When you started typing, what was the scope of the plan?
Mike: To think about what we could do as teachers to accomplish what we set out to do when we left TFA Summer Institute in Los Angeles 14 months earlier.
Dave: At that time, we just wanted to put together an awesome program for two classes of 5th graders that would get them ready for the best public schools in Houston. We naively thought that would be enough to make sure they got on and more naively stayed on a path to college. By October of the first year of KIPP, we knew that wouldn’t be enough. We knew we needed to start a school.
Was college completion always the goal?
Mike: Yes – sort of – having great lives was always the goal – college was an important gate keeper on that path.
Dave: As Mike says, college was just a means toward an end. The end was always choice filled lives.
The book says you both can’t remember who came up with the name. Is that still true?
Mike: My mom says it was her. We were both using Harriett Ball’s chants and Knowledge Is Power comes from her “Read Baby Read” song. We were taking turns typing and talking so who knows who typed it first.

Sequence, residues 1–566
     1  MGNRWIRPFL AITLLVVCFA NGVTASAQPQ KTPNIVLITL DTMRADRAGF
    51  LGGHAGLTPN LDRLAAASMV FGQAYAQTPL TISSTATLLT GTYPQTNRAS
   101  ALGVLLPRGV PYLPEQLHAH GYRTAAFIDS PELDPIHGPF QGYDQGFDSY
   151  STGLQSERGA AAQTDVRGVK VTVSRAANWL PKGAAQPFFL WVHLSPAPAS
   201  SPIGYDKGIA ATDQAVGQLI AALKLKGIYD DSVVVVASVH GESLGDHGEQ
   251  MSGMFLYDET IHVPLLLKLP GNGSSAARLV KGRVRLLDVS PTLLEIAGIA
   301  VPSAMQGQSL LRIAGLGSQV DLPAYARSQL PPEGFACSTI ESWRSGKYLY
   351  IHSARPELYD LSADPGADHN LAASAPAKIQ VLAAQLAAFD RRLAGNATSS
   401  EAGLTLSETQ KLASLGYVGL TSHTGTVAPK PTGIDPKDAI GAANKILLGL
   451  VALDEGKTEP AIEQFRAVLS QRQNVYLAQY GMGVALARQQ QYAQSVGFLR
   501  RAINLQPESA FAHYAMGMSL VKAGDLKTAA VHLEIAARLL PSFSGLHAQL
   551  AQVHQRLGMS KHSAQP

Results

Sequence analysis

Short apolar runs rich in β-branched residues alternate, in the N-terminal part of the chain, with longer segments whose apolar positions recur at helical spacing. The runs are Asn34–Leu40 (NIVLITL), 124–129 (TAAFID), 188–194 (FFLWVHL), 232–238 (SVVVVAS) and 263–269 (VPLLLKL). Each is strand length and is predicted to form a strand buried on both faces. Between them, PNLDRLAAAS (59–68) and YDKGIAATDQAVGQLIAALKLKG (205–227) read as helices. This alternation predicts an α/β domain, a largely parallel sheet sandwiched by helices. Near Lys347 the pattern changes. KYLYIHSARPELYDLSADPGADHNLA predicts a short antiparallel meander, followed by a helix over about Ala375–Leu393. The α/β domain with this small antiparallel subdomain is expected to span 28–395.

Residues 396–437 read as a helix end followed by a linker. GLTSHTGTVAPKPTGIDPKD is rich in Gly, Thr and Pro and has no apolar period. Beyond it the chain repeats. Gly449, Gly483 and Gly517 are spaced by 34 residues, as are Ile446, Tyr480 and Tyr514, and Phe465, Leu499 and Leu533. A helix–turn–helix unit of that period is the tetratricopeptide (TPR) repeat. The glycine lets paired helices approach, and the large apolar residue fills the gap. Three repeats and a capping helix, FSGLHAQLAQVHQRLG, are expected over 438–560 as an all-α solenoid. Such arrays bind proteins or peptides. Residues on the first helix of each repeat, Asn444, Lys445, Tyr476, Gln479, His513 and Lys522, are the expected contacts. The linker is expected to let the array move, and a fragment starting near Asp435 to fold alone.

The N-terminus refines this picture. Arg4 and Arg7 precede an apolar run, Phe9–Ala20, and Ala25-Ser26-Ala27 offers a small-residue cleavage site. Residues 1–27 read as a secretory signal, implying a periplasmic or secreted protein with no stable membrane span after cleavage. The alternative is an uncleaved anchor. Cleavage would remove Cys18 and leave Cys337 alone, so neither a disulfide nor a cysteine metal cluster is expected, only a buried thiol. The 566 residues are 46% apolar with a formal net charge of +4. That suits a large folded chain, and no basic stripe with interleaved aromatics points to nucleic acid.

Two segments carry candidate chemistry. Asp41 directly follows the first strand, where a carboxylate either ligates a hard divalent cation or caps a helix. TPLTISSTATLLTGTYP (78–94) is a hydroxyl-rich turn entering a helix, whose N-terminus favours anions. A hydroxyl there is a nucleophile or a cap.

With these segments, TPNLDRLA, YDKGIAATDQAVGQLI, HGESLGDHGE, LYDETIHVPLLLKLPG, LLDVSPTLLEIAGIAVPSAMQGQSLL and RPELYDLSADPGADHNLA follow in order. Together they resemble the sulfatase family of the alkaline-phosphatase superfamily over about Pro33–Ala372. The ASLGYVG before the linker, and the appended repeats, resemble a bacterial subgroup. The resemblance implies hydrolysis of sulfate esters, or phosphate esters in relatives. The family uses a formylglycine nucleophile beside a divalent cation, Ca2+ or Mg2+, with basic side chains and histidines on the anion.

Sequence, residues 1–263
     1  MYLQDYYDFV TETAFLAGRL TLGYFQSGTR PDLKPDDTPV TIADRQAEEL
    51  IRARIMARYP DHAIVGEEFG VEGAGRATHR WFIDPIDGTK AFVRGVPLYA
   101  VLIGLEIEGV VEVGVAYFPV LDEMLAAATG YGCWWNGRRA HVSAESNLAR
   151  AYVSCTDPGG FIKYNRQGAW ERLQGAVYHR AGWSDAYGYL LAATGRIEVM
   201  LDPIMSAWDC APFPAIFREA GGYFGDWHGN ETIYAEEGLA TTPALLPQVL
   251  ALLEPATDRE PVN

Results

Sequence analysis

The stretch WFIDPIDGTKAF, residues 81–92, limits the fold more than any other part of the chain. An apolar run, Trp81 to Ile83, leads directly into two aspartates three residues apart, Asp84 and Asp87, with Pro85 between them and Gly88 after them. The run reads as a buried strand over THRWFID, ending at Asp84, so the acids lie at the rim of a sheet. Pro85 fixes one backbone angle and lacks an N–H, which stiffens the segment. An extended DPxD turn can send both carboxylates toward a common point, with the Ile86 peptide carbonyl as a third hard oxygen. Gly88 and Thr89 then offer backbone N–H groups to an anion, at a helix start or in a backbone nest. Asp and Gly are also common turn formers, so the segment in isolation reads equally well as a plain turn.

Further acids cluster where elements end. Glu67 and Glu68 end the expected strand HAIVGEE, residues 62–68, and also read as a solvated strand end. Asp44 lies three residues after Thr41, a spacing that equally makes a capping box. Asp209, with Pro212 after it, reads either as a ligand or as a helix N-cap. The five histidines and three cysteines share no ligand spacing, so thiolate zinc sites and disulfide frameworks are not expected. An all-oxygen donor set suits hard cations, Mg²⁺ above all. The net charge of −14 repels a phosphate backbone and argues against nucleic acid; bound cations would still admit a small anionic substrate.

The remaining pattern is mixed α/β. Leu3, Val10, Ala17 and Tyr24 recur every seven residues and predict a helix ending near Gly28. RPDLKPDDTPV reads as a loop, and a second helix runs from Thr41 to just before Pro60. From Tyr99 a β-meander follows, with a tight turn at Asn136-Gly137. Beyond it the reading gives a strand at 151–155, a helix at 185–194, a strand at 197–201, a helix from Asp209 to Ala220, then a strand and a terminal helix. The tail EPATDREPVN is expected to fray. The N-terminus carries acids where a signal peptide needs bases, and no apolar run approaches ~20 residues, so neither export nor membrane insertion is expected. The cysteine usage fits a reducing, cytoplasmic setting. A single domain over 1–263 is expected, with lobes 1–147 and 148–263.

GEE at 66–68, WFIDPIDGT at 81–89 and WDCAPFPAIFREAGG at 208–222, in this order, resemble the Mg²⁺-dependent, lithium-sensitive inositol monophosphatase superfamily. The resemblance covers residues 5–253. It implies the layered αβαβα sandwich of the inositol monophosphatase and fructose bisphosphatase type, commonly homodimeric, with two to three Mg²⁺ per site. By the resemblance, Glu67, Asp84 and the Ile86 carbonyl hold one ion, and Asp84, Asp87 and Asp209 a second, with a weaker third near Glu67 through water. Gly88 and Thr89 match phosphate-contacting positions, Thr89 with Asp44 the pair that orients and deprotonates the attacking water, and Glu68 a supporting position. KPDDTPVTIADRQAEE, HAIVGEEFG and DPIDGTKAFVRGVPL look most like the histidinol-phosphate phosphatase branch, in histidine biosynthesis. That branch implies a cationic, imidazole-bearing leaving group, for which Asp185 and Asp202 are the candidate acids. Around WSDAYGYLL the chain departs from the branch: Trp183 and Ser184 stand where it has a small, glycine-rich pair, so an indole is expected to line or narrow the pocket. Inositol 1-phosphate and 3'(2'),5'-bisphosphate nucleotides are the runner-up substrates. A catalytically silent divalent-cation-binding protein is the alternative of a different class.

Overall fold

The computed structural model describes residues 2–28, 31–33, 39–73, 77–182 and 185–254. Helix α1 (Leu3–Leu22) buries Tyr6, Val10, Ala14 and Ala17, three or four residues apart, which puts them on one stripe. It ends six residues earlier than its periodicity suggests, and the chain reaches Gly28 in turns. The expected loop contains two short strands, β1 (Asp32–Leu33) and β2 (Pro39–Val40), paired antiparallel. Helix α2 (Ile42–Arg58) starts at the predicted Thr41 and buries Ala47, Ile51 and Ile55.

Dave: Too funny. I’ve got no idea who typed it. I do know it wasn’t Mike’s mom.
If you had to rename KIPP today, what would you call it?
Mike: KIPP! If forced to choose a second name, I’d go with 3D (Desire, Discipline, and Dedication).
Dave: I remember one of our earliest critics, who has since become a big KIPP fan, claimed that Mike and I hadn’t really done anything other than give our classroom a name. We replied, “At least it’s a good name.” I still feel that way today – I like our name. There wouldn’t have been a KIPP without Harriett Ball, and our name ensures that her memory lives on.
Plus the kids like calling themselves KIPPsters. That’s not doable with a lot of names. As much as I agree with Mike and like 3D, 3Dsters doesn’t quite have the same ring.
We know that Harriett passed away in February of 2011. How do you hope she is remembered?
Mike and Dave: God’s gift to the classroom.
This summer, KIPP will celebrate the 20th anniversary of the first class of KIPP students. Those students are now in their late 20’s. Do you still keep in touch with them?